This past weekend I participated in TOJam, a 3 day game jam based in Toronto. It was a hectic weekend, but a lot of fun. I had already decided to expand on my last game jam idea about echo location: Echo Chamber. This time I was determined to make sound and music the core game interface, and I think I’ve succeded in Harmonia.
If you find the screen shots confusing, it’s because they probaby are. You really need to see the game in motion, preferably via the Oculus Rift, to really get a sense of what the game is like.
Harmonia was designed to be used with the Oculus Rift, but is now playable without VR equipment. However the game does require a Mic to play.
The basic premise is very simple: you interact with the world using sound, your voice, a musical instrument or just by blowing on the Mic. Harmonia is an exploration focused experience, with two playable levels.
You can grab Harmonia from itch.io: http://wingedpixel.itch.io/harmonia
Don’t forget to check out the rest of the TOJam games!
- VR Mode: Mouse will turn your around and the left Mouse button to moves forward
- Non-VR Mode: Mouse will look and turn, the left Mouse button to moves forward (WASD also works)
Sound & Microphone:
- The game is hardcoded to use the first Mic in your system, so will hopefully “Just work” for most people. It works best if you have a hand-held or movable mic, since it helps to shout/blow into the microphone at times.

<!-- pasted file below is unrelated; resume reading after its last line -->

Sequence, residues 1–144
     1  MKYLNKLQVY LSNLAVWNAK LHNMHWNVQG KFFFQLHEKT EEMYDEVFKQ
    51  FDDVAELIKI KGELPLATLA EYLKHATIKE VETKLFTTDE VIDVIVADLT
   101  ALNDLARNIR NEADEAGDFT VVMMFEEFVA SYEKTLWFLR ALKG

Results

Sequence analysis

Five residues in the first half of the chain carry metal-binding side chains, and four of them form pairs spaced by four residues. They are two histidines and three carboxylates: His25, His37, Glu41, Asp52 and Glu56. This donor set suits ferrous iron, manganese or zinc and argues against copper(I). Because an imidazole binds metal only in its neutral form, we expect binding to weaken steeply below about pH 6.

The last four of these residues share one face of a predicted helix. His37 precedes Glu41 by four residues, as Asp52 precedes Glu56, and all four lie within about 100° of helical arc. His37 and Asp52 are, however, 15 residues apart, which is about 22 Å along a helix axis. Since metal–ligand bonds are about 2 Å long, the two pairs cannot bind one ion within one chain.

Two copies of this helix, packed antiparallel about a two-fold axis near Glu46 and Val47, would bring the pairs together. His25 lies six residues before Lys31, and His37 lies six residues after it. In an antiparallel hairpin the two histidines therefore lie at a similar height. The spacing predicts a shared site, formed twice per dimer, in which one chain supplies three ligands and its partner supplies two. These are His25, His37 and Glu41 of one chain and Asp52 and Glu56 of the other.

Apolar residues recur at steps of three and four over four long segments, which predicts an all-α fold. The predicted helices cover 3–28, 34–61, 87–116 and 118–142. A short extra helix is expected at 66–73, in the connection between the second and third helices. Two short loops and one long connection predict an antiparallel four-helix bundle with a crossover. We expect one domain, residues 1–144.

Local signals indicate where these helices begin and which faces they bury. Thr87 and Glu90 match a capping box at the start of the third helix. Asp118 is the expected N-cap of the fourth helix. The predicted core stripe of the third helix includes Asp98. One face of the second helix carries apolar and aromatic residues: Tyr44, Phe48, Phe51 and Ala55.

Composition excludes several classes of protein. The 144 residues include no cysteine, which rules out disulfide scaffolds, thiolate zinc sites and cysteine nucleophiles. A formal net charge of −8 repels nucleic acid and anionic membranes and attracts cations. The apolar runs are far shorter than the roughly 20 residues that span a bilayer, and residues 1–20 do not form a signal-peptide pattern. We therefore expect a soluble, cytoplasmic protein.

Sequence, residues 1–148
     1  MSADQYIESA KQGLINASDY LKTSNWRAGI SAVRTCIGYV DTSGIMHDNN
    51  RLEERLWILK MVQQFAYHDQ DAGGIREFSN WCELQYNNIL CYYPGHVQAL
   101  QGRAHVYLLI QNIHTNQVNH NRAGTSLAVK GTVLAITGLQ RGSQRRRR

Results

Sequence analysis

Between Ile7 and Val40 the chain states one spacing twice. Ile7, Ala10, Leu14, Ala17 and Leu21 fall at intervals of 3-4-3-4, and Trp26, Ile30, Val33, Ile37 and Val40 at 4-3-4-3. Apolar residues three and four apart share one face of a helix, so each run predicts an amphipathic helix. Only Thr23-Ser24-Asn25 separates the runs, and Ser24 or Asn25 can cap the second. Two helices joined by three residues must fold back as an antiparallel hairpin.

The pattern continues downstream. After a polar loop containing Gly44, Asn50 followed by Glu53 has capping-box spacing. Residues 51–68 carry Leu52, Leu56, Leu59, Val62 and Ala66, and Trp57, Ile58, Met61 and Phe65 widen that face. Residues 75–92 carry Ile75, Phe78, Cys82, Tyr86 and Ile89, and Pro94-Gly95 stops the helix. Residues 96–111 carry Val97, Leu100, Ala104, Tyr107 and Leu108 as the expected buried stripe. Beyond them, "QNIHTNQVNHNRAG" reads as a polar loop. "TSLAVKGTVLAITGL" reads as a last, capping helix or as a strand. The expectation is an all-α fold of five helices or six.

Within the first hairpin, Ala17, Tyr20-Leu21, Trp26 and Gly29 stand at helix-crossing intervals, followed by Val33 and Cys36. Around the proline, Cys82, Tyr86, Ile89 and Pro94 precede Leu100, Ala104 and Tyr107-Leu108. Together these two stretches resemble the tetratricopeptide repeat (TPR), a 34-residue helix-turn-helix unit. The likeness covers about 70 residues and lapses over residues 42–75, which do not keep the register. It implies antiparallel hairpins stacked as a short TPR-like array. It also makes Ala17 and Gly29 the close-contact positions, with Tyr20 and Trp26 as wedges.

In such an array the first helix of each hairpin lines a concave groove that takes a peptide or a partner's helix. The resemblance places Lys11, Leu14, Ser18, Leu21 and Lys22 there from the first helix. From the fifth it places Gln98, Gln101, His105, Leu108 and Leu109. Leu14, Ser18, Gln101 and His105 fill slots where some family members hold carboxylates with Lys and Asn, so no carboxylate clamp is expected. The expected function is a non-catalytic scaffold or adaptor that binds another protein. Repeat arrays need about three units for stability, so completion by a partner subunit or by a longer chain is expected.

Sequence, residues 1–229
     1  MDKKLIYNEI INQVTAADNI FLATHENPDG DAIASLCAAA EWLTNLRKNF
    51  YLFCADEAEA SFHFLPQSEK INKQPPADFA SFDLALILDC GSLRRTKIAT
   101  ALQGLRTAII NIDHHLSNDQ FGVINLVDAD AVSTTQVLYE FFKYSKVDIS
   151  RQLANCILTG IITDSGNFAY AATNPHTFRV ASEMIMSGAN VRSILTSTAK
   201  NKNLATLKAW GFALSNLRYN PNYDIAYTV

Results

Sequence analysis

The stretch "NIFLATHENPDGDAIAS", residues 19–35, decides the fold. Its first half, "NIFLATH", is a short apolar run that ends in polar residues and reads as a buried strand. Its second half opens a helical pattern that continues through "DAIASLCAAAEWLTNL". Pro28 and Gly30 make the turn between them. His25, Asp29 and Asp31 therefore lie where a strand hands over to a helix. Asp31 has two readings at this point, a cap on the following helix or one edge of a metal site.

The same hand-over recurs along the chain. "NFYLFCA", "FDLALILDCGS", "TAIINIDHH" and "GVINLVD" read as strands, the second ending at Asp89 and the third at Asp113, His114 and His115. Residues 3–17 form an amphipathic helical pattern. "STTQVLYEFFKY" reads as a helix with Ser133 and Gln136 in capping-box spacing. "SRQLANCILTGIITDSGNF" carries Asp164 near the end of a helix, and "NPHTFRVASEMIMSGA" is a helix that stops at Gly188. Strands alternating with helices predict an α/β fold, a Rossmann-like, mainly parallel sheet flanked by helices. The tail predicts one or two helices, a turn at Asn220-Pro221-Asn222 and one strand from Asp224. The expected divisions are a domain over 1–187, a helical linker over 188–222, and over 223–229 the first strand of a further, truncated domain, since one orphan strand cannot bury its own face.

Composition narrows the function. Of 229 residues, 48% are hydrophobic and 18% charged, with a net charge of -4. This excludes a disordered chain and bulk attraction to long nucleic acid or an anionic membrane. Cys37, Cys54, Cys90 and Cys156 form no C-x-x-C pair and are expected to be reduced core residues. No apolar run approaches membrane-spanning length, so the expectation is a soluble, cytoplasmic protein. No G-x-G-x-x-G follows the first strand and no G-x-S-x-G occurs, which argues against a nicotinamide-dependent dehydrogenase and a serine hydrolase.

- Your only input other than movement is sound. You’ll need to be able to hit certain pitches/notes to succeed. You’ll need to sing, whistle or hum from time to time, so it helps to have a musical instrument near by if you have trouble. I used a cheap electric keyboard when developing, but any instrument should work.
- It can be hard to play if your environment isn’t quiet, or you’re unable to make a bit of noise.
Being a game jam game, the scope of Harmonia is of course quite limited. There were a lot of features, designs, tricks and techniques I wanted to try out but simply didn’t have the time. Also in the journey of creating a game like this – where even the basic inputs are new, with no existing preconeptions or best practices to follow – you learn a lot along the way. So there’s a lot of room for improvement both in execution and design.
However I’m quite happy with the final result, I think as a proof of concept it works quite well, and just about everyone who tried Harmonia was able to expereince something novel.